Thousands of opportunities arise each day, all of which are typically posted online, so how do you create a job advertisement that cuts through the noise of the job boards and isn’t ignored by the top-tier talent?
When it comes to promoting an open vacancy, it might seem obvious, but the key to success lies exactly in how the vacancy is advertised. We’ve put together some key points worth considering when you find yourself putting together a job advertisement, helping you to create an advert that’ll attract and excite the exact candidates you’re looking for.
RESEARCH JOB POSTINGS
Take the time to research similar job postings to see what keyword combinations other employers have used. Conducting your own research will give you a greater understanding of what information must be included in the advertisement. This quick and easy approach to research will help you to create an effective job advertisement that is written for the sole purpose of the intended applicants.
WRITE IT FOR THE INTENDED CANDIDATES
When it comes to starting your job advert, start by focusing on exactly who you want the ad to attract. There’s no use describing the role for anyone who sees it. Plan and write the job ad for the exact candidates you want to hire, making it clear exactly what the purpose and responsibilities of the role are. This will make the advertisement targeted to the candidate(s) you’re wanting to join your workforce.
Make it very clear to the prospective candidates what the job requires, giving an honest description of what the ideal candidate must have in order to be successful. It’s also good to demonstrate how your business benefits its employees, as this will encourage applicants to apply for the role. Think to yourself, what would make me want to apply for this role? How might this business benefit me as an employee? Listing the honest perks of the job can work as an incentive for applicants to apply, as your employee packages could stand out in comparison to other businesses that have open vacancies. Candidates need to passionately want the role you’ve advertised and to join your business in order to interview well and pursue a position within your company. Recognising their genuine interest in joining your company will also help when it comes down to making a final decision.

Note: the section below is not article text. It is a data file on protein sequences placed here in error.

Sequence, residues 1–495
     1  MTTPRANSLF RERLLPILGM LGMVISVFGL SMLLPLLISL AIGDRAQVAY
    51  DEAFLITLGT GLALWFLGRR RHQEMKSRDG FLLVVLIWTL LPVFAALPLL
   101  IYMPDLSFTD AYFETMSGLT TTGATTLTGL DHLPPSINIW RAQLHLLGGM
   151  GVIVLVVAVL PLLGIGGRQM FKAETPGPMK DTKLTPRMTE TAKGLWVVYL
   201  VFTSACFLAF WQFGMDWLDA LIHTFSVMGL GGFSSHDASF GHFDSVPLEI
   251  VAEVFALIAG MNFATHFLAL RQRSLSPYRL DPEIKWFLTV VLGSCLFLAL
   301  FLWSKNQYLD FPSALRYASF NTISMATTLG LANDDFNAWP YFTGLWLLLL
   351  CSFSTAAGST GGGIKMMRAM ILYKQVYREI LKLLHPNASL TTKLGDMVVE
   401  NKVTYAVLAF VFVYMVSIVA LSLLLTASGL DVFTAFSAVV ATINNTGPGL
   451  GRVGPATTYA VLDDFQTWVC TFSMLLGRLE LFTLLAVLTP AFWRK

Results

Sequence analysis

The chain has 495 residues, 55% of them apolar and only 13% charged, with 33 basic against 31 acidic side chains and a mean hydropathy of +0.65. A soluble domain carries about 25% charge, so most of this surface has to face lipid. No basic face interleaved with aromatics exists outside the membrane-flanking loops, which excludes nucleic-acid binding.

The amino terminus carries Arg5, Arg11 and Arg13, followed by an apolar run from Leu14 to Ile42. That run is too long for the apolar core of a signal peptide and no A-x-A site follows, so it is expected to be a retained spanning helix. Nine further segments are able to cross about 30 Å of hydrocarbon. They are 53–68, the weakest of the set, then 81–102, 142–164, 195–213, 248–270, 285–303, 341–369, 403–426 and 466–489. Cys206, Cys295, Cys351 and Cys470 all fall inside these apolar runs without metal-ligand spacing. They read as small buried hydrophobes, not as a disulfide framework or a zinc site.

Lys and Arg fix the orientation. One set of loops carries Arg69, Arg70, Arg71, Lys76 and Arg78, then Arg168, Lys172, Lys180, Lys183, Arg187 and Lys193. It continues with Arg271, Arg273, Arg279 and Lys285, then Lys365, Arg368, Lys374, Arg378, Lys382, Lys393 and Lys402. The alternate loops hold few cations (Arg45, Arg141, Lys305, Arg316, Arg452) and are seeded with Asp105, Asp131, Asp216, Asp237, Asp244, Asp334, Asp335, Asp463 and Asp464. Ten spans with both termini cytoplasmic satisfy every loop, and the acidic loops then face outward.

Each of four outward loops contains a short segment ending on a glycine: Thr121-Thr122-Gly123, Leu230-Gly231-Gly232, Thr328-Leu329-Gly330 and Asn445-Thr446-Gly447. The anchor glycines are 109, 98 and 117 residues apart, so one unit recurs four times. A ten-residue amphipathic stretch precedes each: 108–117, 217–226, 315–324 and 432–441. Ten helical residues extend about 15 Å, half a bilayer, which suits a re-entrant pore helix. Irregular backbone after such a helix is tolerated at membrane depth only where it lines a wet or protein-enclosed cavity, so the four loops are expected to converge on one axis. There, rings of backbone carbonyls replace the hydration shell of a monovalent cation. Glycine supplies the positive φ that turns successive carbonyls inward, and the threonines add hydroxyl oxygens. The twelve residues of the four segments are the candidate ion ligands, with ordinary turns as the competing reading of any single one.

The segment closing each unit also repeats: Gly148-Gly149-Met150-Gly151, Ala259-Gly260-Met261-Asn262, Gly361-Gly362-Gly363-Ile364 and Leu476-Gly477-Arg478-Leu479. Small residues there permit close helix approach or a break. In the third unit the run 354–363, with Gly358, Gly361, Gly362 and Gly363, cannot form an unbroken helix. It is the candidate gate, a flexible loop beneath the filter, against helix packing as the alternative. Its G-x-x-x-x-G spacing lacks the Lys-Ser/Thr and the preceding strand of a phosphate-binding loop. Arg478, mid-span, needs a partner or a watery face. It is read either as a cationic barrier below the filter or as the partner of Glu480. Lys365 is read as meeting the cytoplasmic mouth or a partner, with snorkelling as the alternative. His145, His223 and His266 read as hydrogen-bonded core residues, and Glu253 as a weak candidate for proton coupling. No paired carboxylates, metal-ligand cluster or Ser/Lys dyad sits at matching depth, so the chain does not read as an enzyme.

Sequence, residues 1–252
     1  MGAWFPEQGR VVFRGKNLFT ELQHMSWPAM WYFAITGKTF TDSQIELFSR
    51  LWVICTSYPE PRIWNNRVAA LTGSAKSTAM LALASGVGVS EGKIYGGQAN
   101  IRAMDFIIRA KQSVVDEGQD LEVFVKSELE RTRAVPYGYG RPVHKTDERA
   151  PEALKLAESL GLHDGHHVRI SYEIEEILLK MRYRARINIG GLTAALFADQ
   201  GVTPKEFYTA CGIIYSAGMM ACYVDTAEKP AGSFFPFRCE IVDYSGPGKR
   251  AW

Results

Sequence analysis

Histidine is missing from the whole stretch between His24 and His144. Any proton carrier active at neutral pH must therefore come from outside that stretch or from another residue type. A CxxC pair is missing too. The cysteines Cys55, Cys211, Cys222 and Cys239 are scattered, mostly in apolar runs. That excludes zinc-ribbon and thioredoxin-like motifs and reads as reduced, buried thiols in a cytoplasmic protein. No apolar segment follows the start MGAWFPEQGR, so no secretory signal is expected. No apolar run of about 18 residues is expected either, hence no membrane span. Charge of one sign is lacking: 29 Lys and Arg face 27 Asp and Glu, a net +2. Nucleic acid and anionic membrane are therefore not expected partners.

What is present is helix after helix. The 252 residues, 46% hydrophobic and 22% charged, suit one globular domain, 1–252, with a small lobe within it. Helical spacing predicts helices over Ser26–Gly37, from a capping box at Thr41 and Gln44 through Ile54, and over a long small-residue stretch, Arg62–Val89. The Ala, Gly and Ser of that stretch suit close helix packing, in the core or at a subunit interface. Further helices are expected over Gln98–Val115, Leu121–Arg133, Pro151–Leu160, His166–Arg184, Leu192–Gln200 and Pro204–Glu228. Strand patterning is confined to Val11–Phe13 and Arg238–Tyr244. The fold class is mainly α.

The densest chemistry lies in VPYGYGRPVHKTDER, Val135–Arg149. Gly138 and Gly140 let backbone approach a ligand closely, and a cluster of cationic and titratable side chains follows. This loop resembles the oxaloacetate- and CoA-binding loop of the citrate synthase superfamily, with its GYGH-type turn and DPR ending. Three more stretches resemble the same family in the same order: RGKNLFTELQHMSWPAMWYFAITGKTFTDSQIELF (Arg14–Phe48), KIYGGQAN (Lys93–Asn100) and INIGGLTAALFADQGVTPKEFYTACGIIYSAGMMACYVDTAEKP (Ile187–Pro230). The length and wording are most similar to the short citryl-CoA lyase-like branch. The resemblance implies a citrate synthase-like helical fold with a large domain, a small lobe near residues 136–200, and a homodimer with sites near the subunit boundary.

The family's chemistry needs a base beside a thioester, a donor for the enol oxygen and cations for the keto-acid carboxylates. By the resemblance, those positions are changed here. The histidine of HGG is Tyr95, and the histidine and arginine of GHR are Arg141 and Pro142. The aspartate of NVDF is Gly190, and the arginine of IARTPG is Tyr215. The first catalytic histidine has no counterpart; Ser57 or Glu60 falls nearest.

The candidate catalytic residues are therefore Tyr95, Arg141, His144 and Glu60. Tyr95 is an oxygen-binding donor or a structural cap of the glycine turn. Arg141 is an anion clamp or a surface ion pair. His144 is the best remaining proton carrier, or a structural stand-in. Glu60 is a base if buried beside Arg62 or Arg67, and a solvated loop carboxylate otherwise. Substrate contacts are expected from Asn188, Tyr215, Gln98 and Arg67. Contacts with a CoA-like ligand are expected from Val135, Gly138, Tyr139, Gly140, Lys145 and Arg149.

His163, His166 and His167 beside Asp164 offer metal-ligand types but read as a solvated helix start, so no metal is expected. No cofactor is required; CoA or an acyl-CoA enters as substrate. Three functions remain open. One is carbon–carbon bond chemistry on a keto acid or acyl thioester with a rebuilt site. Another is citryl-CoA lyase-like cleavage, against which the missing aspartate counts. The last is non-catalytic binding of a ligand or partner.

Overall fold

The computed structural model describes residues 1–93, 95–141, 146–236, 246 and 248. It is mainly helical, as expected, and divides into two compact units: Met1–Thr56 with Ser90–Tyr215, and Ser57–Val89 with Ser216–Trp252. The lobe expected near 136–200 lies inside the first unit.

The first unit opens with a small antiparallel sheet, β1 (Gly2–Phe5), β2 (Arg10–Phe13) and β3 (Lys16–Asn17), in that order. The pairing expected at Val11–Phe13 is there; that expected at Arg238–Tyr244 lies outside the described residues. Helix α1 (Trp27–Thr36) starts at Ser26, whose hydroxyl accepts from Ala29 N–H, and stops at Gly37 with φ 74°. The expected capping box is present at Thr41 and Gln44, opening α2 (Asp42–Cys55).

ADVERTISE THE ROLE
It might sound obvious, but think about whether your job ad sells the vacancy to your ideal candidate. Think like a marketer and start by promoting the aspirational aspects of a job and painting it in a positive light, rather than just describing the role. This is the difference between a job description and a job advertisement. By doing this you’ll make the candidates who apply want the advertised role and to be a part of your workforce. Think of a job advert in a similar light to how advertising works. By promoting a job and listing the benefits that come with working for the company, you’ll be igniting an interest in those who encounter it.
When it comes down to the job title, be specific. Being too vague in your choice of words could mean an abundance of candidates applying for a role that isn’t relevant to their industry experience or qualifications.
Optimising your job adverts so they appear higher in a search engine is crucial for encouraging a stream of relevant applications from the candidates you’re looking for. When writing up a job ad, think about the kind of words candidates would be actively searching for when looking for a new job. In short, be precise, as overcomplicating the job advertisement will only drag out the recruitment process later down the line! It’s also important to honestly reflect the demands of the job to avoid any confusion of the responsibilities of the role.
How you craft your jobs ads and the language you use should differ depending on which department or industry you’re recruiting for, as each candidate group is so distinct.
Once a candidate has engaged with a job ad and has an interest in the advertised role, they’re going to begin the process of submitting their application. Make the application process as simple and straightforward as possible, as according to this study, 60% of candidates won’t commit to submitting an application if the process involves too many steps. By complicating the application process you could be missing out on some tip-tier candidates!
It’s also a good idea to include direct links to your website and company socials to give any applicants who apply a feel for the company culture and overall brand. If a candidate is able to see themselves fitting into your company culture, this may provide them with the incentive of following through with their job application.
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